The following is a guest contributed post from Andreas Hassellöf, founder of Ombori.
Less than a month into his Presidency, Donald Trump has made it abundantly clear that he was serious about his plan to boost American jobs and American businesses by initiating a global trade war. He pulled the United States out of the 12-nation Trans Pacific Partnership within days of taking office, sending a clear message to major trading partners including Japan, Canada and Australia that he was not interested in bipartisan free trade. He’s been talking about imposing tariffs of up to 45% on goods imported from China, and up to 35% on Mexican goods. Analysts worry that India, Thailand, Hong Kong, Indonesia, and South Korea will be next, and earlier this week he reaffirmed his commitment to “tweak” NAFTA, which he describes as a “disaster”.
Trump’s logic is obvious: by imposing import tariffs imports, he hopes to force American businesses to manufacture in America, and to persuade American consumers to buy American-made goods. However, it almost certainly won’t work exactly as intended.
On the one hand, it’s great news for American businesses, especially retailers. They’ll face less competition from cut-price vendors around the world who are selling directly to American consumers. Currently, customers can easily purchase items from India, China, Hong Kong, or Japan, completely bypassing American distributors. Applying a significant tariff wouldn’t stop customers doing that, but it would put the prices on a more even footing. Imported goods may still work out cheaper, but American companies could offer faster delivery and cheaper shipping, potentially a deciding factor for consumers who are used to the “I want it now” economy.
It’s also a powerful incentive for American manufacturers. Instead of going to low-price factories overseas, they’ll build factories in America and employ American workers. Even though American goods will still be more expensive than Chinese-made goods, those import tariffs will allow them to compete on prices.
So, more business for American vendors and manufacturers, more jobs for Americans. So far, so good – for America, at least. But let’s look at the flip side of that.
Customers would have to get used to paying more for almost everything. Staples such as food and clothing would be hard hit, and electronics, mostly made in Asia, would see massive price rises. The next generation of iPhones could cost Americans an extra $100 or more. Even Wal-Mart is worried. Tariffs may mean more profits for American businesses, but unless that’s accompanied with pay increases for American workers, it also means a significant decline in their standard of living. They’ll be focusing more of their buying power on the necessities of life, leaving them less for non-essential purposes, and threatening whole market sectors, particularly small businesses.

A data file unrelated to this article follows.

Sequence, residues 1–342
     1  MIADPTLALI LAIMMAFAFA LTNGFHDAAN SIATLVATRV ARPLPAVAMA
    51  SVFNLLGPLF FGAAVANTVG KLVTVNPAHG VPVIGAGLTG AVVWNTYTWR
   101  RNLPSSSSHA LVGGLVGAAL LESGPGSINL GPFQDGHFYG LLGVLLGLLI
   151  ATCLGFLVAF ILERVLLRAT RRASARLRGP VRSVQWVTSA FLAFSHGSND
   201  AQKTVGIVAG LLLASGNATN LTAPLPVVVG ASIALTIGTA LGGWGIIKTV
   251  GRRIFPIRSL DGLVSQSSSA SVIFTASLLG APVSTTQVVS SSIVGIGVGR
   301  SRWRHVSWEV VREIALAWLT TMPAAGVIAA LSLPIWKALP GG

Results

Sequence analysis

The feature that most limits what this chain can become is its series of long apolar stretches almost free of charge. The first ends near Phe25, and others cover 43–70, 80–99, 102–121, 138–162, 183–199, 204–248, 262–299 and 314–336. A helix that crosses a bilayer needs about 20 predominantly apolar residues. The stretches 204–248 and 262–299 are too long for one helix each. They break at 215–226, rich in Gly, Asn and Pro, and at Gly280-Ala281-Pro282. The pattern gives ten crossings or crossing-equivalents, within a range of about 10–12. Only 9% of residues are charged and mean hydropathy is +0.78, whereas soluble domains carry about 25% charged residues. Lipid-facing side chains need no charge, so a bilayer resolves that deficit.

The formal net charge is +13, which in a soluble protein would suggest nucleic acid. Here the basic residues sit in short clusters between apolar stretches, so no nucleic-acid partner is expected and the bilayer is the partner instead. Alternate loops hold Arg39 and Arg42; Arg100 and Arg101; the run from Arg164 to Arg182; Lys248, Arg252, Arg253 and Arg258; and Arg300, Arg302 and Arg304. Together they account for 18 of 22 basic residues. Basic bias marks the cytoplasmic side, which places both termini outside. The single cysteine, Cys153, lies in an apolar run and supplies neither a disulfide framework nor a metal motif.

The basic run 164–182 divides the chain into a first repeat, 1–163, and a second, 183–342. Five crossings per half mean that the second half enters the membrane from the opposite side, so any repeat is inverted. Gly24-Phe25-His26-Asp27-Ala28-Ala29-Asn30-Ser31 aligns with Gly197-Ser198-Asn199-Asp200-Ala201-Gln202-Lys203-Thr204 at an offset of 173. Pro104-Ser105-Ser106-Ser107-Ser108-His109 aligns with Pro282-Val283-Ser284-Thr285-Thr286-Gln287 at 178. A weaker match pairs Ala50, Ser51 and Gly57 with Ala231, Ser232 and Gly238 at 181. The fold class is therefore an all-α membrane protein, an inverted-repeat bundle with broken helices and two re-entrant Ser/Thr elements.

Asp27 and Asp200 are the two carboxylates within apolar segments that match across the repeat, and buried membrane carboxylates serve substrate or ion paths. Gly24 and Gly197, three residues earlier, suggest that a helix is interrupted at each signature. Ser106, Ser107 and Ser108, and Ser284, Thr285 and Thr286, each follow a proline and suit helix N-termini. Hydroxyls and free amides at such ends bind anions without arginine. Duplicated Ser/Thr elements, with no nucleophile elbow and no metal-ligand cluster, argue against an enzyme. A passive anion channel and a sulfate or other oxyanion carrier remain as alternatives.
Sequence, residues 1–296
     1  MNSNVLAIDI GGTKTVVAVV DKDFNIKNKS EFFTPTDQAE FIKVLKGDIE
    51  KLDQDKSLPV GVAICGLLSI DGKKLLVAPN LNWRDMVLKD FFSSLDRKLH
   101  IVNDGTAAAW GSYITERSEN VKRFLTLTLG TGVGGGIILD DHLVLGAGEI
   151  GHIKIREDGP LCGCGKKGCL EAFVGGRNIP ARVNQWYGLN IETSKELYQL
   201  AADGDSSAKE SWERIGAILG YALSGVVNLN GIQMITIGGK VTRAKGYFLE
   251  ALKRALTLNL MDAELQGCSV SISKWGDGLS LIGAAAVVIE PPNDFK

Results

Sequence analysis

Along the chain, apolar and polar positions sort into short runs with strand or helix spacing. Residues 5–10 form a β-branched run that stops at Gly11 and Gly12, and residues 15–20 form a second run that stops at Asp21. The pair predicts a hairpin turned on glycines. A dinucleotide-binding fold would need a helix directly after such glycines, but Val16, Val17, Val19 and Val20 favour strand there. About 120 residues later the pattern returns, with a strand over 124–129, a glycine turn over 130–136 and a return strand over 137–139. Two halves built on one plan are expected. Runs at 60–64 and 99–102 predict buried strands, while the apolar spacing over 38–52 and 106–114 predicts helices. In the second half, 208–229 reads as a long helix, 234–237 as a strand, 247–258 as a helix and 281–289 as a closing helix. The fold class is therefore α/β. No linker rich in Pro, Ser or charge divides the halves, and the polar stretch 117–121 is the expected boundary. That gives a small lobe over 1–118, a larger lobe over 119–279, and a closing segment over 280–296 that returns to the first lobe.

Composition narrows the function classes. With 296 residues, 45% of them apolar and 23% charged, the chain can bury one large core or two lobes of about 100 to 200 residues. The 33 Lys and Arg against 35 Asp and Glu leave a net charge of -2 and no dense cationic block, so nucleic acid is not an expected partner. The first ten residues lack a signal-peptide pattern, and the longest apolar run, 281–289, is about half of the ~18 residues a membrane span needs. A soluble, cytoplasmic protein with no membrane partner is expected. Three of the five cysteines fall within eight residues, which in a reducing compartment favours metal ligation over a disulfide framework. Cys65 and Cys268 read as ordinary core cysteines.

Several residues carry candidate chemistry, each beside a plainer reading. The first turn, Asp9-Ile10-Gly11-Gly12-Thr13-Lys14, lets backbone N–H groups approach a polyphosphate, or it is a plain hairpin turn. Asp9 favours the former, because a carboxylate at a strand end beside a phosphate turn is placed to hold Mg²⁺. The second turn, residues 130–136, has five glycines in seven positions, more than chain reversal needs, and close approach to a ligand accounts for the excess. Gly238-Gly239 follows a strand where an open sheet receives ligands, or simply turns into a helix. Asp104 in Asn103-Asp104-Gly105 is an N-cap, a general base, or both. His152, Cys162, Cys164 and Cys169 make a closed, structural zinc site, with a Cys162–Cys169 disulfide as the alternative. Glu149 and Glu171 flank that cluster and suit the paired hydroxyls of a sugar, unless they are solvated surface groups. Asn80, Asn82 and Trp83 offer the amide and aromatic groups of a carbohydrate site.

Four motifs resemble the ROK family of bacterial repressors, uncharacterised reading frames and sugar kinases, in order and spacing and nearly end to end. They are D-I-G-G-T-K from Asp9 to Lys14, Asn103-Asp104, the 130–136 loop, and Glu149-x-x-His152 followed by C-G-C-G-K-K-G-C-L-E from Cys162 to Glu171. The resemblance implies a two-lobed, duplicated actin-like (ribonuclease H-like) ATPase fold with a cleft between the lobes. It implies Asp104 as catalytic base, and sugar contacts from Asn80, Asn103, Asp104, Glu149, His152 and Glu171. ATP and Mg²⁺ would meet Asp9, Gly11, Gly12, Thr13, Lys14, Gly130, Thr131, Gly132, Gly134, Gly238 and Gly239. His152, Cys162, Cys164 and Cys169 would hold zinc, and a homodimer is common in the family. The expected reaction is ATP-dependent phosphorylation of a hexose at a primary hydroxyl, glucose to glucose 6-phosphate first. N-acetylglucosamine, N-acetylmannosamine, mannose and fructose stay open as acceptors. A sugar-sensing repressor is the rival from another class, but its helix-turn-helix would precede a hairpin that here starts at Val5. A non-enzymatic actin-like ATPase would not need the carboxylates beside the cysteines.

It’s naive to think that other countries won’t retaliate if America imposes tariffs. Apple, General Motors, Qualcomm, Boeing and Intel between them do over $125bn in trade with China. For Apple and other tech giants, China represents over 50% of their revenue. Punitive taxes could hammer US exports, leading to stock crashes, up to 4 million job losses and a decline in GDP growth. As the Wall Street Journal notes, “[what] would make a trade war most catastrophic is not just that things like iPhones might be more expensive to buy and take longer to make; it’s that China might decide that it doesn’t want to buy any.” For American retailers who are starting to open up lucrative foreign markets, this could be a serious blow.
It’s arguable that America does not actually have the capacity to bring manufacturing back to the US. Assembling technology such as an iPad is a truly global endeavour, with parts sourced from around the world. Companies like Foxconn are successful because they operate on an almost inconceivably massive scale, with billions of dollars in government support. In Zhengzhou, known locally as “iPhone City”, where they make up to half a million iPhones a day, all the infrastructure, the raw materials, the components, and the suppliers are already in place. America has none of that, and it would take years to build it. When Motorola tried to manufacture the Moto X in the US, it was, in their own words, a disaster. Local manufacturing would stifle innovation in the mobile world, as the US struggles simply to get factories set up. Ironically, manufacturing won’t necessarily mean more jobs: these factories are becoming increasingly automated, so most of the work will be done by robots anyway. Even more ironically, the only way America can afford to build this infrastructure is with the assistance of Chinese investors.
The knock-on effects go deeper, reverberating around the world. Manufacturers in Asia and Mexico aren’t going to shut up shop. They’ll be looking for new markets, and they’ll be dumping cheaper goods on Europe, upsetting existing trade relationships here. We’re all going to be affected.
So should we all panic? Not necessarily. If there’s one thing we know about Donald Trump, it’s that he’s an expert in the art of bluster. A single hostile tweet from @realdonaldtrump at 2am can send stock prices plummeting or currency markets into freefall. He knows it, and he’s not afraid to use that power to get what he wants. The mere threat of a trade war will be enough to get foreign leaders and American businesses to the negotiating table. As Chinese President Xi Jinping said in Davos, “nobody wins in a trade war.” Faced with an impetuous US President who is seemingly ready to unleash the economic equivalent of all-out nuclear war, any trade deal is better than none. A 5% import tariff may seem like a good option compared to the alternative.
Changes are inevitable. Business as usual is not an option. The next few months will show us all what to expect in coming years. Let’s make sure we’re ready.